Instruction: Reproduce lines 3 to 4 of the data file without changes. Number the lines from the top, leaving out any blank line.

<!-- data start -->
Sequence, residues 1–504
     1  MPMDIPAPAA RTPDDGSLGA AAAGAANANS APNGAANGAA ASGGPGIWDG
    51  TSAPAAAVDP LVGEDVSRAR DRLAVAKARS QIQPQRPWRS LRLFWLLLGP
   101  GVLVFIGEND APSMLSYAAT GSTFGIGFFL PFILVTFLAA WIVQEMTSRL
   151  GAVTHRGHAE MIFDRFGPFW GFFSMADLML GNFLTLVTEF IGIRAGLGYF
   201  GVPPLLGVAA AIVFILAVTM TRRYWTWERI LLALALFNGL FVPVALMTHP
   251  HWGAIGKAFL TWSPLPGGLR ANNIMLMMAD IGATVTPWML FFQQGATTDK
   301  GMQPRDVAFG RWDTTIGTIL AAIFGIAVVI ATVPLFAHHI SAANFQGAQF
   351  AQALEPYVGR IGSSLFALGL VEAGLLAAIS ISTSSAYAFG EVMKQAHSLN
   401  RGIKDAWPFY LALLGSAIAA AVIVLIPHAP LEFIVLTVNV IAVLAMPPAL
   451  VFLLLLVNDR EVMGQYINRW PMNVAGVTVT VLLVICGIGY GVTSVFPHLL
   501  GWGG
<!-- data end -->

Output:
    51  TSAPAAAVDP LVGEDVSRAR DRLAVAKARS QIQPQRPWRS LRLFWLLLGP
   101  GVLVFIGEND APSMLSYAAT GSTFGIGFFL PFILVTFLAA WIVQEMTSRL